BILL ANALYSIS                                                                                                                                                                                                    



                                                                    SB 1137  


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          Date of Hearing:  August 3, 2016


                        ASSEMBLY COMMITTEE ON APPROPRIATIONS


                               Lorena Gonzalez, Chair


          SB 1137  
          (Hertzberg) - As Amended August 1, 2016


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          |Policy       |Public Safety                  |Vote:|7 - 0        |
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          |             |Privacy and Consumer           |     |11 - 0       |
          |             |Protection                     |     |             |
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          Urgency:  No  State Mandated Local Program:  YesReimbursable:   
          No


          SUMMARY:


          This bill provides that a person who knowingly introduces  
          "ransomware," as defined, into any computer, computer system, or  
          computer network is guilty of a felony, punishable by  
          imprisonment in a county jail, or state prison under specified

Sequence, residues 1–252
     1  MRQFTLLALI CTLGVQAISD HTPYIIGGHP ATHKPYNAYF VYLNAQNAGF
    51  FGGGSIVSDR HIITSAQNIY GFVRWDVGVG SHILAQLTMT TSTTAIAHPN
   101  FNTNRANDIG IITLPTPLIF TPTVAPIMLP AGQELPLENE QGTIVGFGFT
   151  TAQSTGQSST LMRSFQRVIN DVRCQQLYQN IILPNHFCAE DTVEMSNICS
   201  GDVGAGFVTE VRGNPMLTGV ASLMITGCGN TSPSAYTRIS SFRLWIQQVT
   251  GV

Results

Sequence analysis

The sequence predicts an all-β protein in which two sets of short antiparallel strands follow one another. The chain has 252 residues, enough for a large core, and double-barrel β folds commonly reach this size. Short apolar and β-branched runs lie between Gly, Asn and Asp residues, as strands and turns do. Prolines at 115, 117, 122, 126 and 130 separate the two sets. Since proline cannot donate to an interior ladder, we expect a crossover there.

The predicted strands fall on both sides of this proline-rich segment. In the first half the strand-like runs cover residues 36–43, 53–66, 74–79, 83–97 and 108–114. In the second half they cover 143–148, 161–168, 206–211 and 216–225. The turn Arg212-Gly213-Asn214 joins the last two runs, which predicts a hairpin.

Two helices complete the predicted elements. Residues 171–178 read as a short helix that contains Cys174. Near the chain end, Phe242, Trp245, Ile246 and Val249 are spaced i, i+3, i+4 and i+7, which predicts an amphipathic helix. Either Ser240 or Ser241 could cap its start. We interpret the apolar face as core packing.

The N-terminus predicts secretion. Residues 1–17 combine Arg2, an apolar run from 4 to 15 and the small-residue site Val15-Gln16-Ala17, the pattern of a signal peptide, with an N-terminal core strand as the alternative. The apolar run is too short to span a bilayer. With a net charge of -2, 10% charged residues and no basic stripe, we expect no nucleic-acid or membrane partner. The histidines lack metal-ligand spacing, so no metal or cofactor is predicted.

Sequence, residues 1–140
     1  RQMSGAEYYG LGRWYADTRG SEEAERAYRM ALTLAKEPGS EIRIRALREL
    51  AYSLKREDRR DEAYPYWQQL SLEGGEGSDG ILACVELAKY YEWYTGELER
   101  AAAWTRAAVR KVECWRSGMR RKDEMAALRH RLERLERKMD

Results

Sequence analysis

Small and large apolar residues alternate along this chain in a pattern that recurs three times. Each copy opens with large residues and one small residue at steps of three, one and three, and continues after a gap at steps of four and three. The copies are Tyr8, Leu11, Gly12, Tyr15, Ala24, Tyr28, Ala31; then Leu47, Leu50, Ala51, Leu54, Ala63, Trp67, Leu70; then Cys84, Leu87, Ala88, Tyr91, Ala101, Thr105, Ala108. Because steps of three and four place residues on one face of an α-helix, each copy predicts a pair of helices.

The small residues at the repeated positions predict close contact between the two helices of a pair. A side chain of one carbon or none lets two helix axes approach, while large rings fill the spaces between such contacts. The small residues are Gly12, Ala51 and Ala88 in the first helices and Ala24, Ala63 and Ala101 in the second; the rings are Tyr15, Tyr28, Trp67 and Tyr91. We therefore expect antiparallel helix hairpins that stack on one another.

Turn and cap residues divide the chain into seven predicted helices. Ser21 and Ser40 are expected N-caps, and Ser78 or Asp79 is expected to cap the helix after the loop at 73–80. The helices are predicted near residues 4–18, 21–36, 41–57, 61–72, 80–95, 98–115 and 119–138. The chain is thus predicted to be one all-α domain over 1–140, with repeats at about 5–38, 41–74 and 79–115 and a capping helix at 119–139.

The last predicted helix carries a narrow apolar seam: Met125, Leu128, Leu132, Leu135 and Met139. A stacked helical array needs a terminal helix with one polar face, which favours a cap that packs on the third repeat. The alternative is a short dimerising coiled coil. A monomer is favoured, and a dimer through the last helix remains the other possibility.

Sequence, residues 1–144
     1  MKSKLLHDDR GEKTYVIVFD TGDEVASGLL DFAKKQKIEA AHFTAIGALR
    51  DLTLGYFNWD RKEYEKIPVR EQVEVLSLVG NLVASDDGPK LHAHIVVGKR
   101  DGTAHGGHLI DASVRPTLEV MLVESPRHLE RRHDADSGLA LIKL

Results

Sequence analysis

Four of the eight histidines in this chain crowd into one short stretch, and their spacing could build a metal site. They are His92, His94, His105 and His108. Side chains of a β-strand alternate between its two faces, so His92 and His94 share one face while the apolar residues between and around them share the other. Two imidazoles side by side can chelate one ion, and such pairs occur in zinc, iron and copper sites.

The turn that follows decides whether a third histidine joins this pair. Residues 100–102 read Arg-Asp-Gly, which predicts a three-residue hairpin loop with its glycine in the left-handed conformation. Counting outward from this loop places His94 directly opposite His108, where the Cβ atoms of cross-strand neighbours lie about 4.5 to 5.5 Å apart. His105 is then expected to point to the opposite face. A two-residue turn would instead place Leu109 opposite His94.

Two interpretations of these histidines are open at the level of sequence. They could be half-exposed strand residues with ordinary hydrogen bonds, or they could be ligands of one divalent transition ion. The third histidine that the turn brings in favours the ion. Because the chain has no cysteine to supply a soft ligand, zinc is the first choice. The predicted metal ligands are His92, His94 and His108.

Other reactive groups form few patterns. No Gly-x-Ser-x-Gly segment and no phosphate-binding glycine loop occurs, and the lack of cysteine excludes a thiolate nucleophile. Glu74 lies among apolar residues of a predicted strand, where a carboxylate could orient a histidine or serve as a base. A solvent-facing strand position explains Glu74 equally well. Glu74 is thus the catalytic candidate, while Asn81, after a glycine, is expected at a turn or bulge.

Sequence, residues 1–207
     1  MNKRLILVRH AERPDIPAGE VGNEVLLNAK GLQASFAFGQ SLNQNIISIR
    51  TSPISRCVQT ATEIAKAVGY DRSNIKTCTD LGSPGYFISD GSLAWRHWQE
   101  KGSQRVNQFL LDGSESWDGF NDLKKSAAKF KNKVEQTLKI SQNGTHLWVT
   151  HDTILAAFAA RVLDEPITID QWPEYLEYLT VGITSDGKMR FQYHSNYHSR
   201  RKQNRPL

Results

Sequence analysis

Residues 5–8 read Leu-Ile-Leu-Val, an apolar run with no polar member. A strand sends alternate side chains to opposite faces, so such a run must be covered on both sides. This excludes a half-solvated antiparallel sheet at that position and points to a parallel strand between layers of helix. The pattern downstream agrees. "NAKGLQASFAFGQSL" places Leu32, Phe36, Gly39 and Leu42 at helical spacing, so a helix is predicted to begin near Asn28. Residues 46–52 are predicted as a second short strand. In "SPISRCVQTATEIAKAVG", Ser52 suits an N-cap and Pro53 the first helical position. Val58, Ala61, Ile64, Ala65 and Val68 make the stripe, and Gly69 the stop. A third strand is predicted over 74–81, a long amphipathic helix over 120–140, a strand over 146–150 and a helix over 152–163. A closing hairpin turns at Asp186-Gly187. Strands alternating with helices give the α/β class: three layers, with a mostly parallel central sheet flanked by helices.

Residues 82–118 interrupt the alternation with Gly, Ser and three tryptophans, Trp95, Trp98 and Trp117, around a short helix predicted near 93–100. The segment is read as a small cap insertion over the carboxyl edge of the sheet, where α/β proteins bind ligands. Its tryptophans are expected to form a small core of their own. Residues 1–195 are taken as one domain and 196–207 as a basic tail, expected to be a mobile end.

circumstances, for two, three, or four years, and/or a fine of  
          up to $10,000. 








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          FISCAL EFFECT:


          1)Potential moderate increased cost (General Fund) to the  
            California Department of Corrections and Rehabilitation (CDCR  
            ) for new commitments to state prison that would not have  
            otherwise been convicted under the extortion statutes, or  
            potentially longer sentences for convictions that otherwise  
            would have been charged as other computer crimes.  To the  
            extent the provisions of this measure result in two additional  
            commitments to state prison per year, the first year cost  
            would be $58,000, the second year would be $116,000, and  
            $174,00 thereafter assuming three-year sentences.


          2)Potential increase in nonreimbursable local incarceration  
            costs  to the extent persons would not have otherwise been  
            convicted of the felony offense of extortion or other computer  
            offenses under existing law.  These costs may be partially